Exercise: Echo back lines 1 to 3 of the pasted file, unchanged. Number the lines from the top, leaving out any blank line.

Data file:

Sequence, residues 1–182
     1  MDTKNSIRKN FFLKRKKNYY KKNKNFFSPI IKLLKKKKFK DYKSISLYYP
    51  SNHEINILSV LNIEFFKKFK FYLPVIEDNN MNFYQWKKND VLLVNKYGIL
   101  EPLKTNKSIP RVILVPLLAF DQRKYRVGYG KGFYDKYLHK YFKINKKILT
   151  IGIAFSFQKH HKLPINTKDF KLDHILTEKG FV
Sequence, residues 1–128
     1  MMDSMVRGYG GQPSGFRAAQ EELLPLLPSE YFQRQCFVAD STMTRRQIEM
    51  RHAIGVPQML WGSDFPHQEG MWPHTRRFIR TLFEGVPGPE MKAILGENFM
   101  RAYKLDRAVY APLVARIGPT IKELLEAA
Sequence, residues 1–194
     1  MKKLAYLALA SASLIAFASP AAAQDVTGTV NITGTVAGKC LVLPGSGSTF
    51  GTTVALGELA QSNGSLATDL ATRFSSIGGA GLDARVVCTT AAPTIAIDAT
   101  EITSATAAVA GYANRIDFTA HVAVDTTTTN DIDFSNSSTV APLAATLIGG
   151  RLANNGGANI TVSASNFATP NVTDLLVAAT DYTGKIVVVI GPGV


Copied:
Sequence, residues 1–182
     1  MDTKNSIRKN FFLKRKKNYY KKNKNFFSPI IKLLKKKKFK DYKSISLYYP
    51  SNHEINILSV LNIEFFKKFK FYLPVIEDNN MNFYQWKKND VLLVNKYGIL